Great Glen Fault
The Great Glen Fault is a long strike-slip fault that runs through its namesake, the Great Glen, in Scotland. The fault is mostly inactive today, but occasional moderate tremors have been recorded over the past 150 years.
Aligned northeast to southwest, the Great Glen Fault extends further southwest in a straight line through Loch Linnhe and the Firth of Lorne, and then on into northwestern Ireland, directly through Lough Swilly, Donegal Bay and Clew Bay as the Leannan Fault. To the northeast the fault connects to the Walls Boundary Fault and the associated Melby Fault and Nestings Fault, before becoming obscured by the effects of Mesozoic rifting to the north of Shetland.
The fault continues on the North American side of the North Atlantic Ocean, but is no longer part of a contiguous fault, as the complete fault was broken when the Mid-Atlantic Ridge formed 200 million years ago. The North American side of the fault runs through the length of northwestern Newfoundland, Canada, as the Cabot Fault (Long Range Fault) and on into the Gulf of St. Lawrence. It is at least 300 miles (480 km) long.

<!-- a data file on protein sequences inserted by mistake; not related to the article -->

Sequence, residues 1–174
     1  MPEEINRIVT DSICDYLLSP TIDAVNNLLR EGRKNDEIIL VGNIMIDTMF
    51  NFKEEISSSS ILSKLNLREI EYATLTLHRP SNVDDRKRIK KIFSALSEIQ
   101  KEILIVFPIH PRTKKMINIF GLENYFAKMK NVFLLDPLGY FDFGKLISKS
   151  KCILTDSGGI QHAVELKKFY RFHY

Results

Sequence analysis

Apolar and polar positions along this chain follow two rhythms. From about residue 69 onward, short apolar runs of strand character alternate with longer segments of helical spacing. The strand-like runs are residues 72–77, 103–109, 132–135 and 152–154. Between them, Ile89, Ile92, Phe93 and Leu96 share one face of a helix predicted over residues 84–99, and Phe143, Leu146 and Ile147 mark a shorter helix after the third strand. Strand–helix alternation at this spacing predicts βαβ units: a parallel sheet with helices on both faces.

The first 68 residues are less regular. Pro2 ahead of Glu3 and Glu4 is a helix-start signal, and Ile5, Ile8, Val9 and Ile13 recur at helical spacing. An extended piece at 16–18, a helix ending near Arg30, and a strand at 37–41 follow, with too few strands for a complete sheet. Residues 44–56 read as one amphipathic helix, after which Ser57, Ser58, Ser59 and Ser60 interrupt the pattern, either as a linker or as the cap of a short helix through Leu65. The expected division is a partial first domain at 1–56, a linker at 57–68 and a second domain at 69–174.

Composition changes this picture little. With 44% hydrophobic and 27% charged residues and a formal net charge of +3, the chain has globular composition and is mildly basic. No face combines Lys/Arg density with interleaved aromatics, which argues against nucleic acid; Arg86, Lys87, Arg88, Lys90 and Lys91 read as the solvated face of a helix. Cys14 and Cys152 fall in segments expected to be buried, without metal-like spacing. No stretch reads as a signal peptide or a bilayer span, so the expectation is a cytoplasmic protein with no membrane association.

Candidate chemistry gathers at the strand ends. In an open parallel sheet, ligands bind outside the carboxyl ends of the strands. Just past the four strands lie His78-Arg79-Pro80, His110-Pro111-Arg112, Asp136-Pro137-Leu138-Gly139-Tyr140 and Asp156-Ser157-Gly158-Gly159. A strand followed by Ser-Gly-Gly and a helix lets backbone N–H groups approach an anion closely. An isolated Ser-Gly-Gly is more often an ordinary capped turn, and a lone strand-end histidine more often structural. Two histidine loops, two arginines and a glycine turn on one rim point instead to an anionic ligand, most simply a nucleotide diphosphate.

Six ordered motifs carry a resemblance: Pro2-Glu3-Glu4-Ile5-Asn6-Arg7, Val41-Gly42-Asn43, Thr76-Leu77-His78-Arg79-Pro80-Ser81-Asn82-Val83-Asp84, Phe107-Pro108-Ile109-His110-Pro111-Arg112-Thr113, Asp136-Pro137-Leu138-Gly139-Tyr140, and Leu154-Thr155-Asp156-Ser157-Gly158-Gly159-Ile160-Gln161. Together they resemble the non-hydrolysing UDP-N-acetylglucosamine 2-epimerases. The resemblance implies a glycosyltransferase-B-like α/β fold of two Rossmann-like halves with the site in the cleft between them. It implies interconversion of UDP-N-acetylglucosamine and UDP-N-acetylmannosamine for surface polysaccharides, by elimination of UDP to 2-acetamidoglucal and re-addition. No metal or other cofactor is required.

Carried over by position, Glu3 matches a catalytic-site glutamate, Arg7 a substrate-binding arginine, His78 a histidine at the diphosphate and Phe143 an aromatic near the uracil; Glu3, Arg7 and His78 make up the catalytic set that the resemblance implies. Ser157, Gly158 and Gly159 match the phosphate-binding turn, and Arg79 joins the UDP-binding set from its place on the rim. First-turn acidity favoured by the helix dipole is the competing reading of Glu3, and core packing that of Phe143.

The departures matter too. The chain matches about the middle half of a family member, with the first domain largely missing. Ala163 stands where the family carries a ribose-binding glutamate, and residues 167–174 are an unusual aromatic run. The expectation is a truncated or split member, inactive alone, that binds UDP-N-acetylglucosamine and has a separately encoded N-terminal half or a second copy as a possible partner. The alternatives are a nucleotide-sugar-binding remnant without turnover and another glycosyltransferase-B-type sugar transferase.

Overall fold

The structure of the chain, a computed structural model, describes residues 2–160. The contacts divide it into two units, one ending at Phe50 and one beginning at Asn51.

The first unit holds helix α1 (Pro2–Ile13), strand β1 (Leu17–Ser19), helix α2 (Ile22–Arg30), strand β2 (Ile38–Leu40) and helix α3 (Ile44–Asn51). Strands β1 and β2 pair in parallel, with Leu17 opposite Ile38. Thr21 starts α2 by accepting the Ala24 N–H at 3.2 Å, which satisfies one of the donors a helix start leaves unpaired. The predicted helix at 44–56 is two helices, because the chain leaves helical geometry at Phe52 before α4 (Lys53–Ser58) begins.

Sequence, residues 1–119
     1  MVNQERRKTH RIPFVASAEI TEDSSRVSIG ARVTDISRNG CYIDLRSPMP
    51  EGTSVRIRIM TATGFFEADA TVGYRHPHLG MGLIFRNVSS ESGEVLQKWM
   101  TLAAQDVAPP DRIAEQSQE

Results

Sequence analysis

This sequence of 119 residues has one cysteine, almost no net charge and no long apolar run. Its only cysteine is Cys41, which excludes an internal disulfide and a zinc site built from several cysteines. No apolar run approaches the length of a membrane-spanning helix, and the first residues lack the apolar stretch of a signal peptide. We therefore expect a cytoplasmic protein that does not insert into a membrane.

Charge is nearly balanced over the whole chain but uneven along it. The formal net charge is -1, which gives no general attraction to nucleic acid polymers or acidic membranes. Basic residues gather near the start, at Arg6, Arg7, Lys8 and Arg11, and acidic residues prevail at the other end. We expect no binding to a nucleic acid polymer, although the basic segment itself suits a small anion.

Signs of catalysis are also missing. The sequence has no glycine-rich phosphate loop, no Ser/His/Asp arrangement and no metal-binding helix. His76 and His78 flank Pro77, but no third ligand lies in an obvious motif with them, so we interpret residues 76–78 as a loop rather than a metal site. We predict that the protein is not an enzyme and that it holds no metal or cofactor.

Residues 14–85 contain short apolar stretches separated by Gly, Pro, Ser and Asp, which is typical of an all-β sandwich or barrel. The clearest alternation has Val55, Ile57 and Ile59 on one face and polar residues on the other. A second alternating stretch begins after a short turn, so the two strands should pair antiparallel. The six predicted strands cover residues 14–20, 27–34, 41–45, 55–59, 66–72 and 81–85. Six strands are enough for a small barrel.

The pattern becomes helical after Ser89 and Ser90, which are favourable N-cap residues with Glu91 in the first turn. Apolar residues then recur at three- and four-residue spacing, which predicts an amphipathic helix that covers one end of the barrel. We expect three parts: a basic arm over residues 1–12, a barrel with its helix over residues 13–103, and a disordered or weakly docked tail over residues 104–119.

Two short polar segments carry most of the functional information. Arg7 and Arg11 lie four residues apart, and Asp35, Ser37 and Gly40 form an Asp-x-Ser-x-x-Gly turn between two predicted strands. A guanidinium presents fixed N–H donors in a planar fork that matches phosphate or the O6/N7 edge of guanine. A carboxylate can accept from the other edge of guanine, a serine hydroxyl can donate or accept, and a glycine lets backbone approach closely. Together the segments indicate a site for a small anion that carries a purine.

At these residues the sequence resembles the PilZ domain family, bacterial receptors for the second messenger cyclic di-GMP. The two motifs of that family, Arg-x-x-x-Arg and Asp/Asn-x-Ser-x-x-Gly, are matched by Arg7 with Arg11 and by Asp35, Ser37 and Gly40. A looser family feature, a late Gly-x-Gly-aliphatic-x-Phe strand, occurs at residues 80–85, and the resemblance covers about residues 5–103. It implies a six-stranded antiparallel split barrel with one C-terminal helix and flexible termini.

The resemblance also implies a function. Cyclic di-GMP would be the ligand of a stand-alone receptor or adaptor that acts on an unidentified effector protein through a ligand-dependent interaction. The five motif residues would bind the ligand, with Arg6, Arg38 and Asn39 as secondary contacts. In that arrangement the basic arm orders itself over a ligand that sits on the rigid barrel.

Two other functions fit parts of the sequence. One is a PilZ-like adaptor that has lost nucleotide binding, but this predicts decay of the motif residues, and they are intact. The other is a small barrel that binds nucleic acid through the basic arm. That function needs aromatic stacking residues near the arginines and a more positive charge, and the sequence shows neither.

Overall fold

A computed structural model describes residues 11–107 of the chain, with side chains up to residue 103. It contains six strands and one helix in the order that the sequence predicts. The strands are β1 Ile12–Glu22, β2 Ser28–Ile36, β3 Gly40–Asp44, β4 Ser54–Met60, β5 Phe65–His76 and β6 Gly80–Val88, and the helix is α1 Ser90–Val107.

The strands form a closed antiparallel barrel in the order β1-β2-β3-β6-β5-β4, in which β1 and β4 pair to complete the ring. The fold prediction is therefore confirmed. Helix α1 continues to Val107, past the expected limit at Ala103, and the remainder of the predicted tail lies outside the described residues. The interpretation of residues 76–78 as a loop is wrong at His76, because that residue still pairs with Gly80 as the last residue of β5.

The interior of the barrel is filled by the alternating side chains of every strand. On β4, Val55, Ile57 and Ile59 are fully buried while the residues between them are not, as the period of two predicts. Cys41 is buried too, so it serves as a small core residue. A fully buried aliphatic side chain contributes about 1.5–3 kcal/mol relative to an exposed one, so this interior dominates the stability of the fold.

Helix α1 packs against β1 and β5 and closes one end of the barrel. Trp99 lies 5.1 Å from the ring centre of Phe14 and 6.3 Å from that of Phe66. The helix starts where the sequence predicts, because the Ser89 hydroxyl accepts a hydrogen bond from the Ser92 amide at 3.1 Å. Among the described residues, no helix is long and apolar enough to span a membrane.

The Great Glen Fault has a long movement history. It formed towards the end of the Caledonian orogeny associated with the collision between the Laurentia and Baltic tectonic plates at the end of the Silurian continuing into the Early Devonian (likely age range 430–390 Ma (million years)). The movement at that time was sinistral (left-lateral), the same as the closely related set of faults sub-parallel to the main part of the Great Glen Fault, which include the Strathconon Fault and Strathglass Faults to the northwest and the Laggan Fault, Tyndrum Fault, and Ericht-Laidon Fault to the southeast. The second main phase of movement was during the Carboniferous, this time with a dextral sense.
The exact timing is uncertain, but associated folds within the Devonian are cut by members of the Late Carboniferous to Early Permian dyke swarm. The Great Glen Fault had its final phase of movement during the Late Cretaceous to Early Tertiary. The displacement is estimated to be 64 miles (104 km).
The fault is mostly inactive today, but occasional moderate tremors have been recorded over the past 150 years which has meant that seismic buffers are built into the Kessock Bridge carrying the A9 road out of Inverness. Fortunately, none of the modern day infrastructure has been affected by the tremors, as the latest one to affect Inverness and the surrounding area occurred in September 1901 and was approximately a 5.0 magnitude quake. In the 19th century, a boat canal known as the Caledonian Canal was dug through the Great Glen; the canal is still used today.
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